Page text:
By Barton Horowitz,
President, Relevant Public Relations LLC
During my previous years as a business journalist and columnist, I would receive and review press releases on a daily basis. Some of the solicitations would merit publication, while others were destined for the trash.
Much of the world may be going from print to digital, but the basic guidelines for getting a favorable response to a news pitch remain unchanged.
Nowadays, with my public relations and marketing firm working within a spectrum of industries, the media releases we write rely upon many of the same factors that once persuaded me to share or shred a news pitch.
Here are some tips for getting your “news worthy” press release read – and getting it one step closer to publication:
Well-crafted press releases adhere to a journalistically accepted style, most often that of The Associated Press. Before sharing your release, make sure it looks like a release.
Make certain the basic content of your press release is complete – your release should clearly identify the “who, what, where, when and why” of your announcement. If your story is particularly alluring to an editor, broadcast-news producer, or reporter, you may be contacted for additional details.
Respect the deadlines journalists face by providing releases that are brief.
Clearly provide your contact information, including more than one way you may be reached. Journalists work around the clock, so you may need to be available during non-business hours.
The subject line of an email or the headline of a press release can spell success or failure for a news pitch. Keep your headline short, and write it with the intention of grabbing some attention. Rewrite your headline if you think a journalist may read it and think, “So what?”
In some instances, a good photograph and accompanying caption can improve the chances of a press release making it to an online news venue, traditional print, or broadcast.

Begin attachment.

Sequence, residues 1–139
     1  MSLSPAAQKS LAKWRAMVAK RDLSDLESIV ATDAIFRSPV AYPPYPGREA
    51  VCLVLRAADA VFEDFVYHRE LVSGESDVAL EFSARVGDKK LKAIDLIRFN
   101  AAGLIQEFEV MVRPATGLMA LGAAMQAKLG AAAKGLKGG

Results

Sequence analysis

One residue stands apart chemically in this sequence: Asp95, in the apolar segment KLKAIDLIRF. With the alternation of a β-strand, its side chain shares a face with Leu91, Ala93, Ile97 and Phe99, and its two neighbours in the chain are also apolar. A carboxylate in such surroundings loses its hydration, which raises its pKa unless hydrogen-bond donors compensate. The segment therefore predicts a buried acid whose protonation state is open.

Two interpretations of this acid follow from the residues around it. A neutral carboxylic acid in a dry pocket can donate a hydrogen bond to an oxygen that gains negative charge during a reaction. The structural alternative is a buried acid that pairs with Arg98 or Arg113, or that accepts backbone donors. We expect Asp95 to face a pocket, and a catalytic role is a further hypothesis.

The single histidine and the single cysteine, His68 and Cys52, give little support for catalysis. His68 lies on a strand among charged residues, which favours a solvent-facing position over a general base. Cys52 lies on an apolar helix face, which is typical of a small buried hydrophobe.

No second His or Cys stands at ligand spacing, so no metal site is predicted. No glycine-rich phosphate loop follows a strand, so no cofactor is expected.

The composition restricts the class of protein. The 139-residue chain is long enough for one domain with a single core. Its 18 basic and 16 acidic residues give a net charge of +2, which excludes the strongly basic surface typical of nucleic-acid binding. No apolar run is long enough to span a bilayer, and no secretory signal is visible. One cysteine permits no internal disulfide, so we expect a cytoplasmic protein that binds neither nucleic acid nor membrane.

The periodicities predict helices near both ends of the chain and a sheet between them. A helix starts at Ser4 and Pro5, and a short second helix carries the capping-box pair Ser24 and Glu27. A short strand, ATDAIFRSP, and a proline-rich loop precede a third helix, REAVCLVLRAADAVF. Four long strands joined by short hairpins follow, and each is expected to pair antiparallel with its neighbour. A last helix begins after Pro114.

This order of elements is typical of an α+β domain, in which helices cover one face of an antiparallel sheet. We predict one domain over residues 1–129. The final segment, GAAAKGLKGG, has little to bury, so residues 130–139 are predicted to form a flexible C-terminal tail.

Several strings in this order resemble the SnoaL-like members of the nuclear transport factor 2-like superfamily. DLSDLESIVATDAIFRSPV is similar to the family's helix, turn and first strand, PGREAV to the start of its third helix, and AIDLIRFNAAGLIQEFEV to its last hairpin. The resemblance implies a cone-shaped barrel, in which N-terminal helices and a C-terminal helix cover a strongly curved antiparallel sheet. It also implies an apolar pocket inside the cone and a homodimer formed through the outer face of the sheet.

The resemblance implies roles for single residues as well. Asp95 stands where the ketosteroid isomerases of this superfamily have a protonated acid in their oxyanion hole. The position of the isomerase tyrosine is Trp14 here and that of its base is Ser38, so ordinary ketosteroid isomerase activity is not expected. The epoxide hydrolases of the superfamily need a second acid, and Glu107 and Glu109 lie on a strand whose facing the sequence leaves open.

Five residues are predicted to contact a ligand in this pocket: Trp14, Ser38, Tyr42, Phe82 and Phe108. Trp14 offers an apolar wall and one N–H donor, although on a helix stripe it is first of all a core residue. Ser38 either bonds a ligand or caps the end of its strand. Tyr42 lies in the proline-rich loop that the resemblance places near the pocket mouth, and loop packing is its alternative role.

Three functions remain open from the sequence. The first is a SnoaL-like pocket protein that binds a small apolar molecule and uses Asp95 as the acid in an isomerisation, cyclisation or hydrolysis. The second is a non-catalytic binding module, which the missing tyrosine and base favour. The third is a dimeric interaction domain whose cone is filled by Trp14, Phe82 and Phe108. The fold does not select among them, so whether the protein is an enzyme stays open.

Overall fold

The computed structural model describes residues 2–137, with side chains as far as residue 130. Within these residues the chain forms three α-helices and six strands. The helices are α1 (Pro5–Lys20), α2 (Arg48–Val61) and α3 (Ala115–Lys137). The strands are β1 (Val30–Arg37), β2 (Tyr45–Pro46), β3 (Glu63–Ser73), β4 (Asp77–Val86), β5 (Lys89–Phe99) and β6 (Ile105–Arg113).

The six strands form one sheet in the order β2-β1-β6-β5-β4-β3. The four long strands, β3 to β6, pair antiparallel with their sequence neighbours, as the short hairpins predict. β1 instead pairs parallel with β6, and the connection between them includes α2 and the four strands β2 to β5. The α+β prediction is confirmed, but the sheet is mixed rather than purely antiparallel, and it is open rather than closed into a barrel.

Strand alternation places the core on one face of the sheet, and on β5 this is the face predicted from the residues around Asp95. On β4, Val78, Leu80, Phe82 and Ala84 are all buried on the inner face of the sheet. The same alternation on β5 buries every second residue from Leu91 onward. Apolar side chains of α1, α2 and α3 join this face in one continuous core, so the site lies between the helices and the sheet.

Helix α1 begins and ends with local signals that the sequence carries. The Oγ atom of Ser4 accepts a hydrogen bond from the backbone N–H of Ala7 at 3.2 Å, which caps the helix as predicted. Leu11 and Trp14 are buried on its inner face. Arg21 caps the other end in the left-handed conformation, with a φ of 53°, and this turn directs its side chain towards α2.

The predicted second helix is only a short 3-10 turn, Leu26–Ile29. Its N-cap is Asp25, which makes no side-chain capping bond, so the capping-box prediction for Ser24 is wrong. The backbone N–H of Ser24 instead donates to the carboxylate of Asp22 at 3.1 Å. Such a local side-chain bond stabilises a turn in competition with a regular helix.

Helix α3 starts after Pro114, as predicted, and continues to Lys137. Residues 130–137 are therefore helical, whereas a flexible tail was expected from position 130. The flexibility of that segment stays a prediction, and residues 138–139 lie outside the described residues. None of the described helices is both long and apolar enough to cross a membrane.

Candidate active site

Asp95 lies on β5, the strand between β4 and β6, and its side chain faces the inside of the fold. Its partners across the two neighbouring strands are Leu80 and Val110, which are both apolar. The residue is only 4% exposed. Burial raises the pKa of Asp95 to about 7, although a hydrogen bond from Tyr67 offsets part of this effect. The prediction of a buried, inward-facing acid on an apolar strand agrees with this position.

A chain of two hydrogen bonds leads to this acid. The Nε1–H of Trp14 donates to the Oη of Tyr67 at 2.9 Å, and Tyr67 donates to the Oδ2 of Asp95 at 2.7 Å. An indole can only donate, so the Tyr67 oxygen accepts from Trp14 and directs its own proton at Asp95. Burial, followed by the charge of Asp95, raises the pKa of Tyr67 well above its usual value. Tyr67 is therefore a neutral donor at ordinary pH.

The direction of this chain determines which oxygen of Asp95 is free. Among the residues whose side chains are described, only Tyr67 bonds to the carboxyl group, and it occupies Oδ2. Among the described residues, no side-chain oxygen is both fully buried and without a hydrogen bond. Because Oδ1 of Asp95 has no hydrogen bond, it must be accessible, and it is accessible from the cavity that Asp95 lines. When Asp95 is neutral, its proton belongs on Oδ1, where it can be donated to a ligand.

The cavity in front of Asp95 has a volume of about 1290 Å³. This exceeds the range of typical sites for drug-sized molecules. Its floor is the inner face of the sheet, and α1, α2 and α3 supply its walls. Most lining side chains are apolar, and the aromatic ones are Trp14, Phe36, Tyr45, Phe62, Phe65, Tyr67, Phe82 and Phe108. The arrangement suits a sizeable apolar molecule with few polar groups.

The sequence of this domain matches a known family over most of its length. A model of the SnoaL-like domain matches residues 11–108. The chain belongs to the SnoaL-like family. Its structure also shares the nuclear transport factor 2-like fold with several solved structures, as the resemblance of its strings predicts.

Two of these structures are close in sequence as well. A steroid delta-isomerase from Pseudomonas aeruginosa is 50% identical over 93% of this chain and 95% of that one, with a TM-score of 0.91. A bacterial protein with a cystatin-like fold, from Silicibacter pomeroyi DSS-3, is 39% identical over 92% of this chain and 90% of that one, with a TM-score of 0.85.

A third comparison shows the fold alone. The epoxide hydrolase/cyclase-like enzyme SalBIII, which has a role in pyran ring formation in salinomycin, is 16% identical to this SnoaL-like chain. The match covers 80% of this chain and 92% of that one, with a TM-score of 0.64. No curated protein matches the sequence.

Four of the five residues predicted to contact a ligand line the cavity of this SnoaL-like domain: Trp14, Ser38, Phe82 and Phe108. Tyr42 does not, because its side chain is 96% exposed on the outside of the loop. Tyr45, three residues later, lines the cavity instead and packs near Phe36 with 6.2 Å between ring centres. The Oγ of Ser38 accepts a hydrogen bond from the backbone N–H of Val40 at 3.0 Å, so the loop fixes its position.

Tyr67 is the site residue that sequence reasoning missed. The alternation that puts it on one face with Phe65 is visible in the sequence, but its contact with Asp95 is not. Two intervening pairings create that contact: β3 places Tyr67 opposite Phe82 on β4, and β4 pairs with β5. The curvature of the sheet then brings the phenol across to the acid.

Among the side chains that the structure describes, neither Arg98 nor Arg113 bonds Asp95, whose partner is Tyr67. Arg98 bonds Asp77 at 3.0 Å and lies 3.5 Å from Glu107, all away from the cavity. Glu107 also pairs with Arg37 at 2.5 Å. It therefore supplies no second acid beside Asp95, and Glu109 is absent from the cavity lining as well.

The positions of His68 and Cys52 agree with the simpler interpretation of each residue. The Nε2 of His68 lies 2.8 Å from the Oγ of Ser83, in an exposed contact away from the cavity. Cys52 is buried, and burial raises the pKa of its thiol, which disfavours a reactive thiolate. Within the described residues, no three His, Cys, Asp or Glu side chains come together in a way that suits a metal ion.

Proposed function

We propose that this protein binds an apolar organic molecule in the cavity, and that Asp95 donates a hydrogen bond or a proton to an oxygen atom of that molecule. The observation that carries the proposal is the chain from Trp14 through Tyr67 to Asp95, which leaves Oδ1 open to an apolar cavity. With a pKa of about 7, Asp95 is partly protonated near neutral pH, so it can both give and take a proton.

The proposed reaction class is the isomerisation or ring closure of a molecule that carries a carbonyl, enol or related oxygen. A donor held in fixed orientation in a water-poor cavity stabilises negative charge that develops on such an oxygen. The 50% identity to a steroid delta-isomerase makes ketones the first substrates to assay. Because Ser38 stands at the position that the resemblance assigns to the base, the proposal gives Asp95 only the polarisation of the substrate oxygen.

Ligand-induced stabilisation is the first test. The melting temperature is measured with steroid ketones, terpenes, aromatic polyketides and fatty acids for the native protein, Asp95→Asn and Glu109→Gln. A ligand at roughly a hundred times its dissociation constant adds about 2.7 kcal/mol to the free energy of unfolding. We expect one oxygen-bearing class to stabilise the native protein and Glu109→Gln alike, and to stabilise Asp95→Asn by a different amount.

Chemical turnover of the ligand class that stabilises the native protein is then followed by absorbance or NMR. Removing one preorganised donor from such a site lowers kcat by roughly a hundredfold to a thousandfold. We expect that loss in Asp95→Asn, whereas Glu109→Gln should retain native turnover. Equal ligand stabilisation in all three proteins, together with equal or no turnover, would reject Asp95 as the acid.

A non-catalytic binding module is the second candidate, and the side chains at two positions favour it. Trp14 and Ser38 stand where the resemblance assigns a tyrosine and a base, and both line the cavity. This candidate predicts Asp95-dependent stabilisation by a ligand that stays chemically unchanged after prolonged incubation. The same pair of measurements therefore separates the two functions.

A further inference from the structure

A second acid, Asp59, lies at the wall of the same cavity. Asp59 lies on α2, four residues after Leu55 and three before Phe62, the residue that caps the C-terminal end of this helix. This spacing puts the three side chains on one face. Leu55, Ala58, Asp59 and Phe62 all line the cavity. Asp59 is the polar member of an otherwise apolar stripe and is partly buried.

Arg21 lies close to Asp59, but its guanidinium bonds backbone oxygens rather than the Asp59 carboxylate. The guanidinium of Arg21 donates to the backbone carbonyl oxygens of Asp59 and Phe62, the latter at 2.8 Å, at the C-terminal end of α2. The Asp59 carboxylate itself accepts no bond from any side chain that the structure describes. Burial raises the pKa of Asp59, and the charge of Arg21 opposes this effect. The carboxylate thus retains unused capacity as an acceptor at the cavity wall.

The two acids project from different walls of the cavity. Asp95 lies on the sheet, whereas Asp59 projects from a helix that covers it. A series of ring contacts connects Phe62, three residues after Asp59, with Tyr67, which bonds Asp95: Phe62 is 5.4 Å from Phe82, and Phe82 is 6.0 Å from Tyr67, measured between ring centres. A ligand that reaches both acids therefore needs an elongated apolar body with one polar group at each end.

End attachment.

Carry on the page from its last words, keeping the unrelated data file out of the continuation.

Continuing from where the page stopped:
Before sending a press release to a newsroom, do your homework. Your goal is send your story to a journalist who handles your type of subject matter. For example, you should avoid sending a press release about turtle food to an automotive editor, or the announcement of a new restaurant to a sports writer.
If you truly believe your story is important to many others, follow up with the recipients of your release. It’s acceptable, in some circumstances, to resend a release via email, along with a note asking if it is being considered for publication.
As a time-saving and affordable approach, consider contracting a professional public relations firm to write and distribute a release on behalf of your business. An experienced publicist will have the ability to reach your target audience by reaching out to journalists whose news beats are relevant to the content of your press release.
Ramp up your business marketing with Relevant Public Relations LLC
Based in New York City, Relevant Public Relations LLC™ (Relevant PR), “Where Success is Written,” is a multimedia public relations and e-marketing company with local and national reach.
Economically headquartered in the city’s borough of Staten Island, Relevant Public Relations is “America’s Journalist-Empowered PR & Marketing firm.” The agency leads businesses, including professional practices and not-for-profit organizations, to greater heights by cost-effectively combining all digital and traditional marketing and PR strategies into a single, efficiently run operation.
Relevant Public Relation’s custom-designed branding methods succeed because of an innovative recipe of press releases; traditional, digital and broadcast-news distribution; social-media management; website and blog content; e-mail marketing; commercial copywriting, and more.
Whether you require content marketing, a single press release, a multimedia campaign, or the information on your company brochure or website professionally written, Relevant Public Relations can help.
Relevant Public Relations is available online at www.RelevantPR.com, and may be reached at 718-682-1509 or via email: info@RelevantPR.com.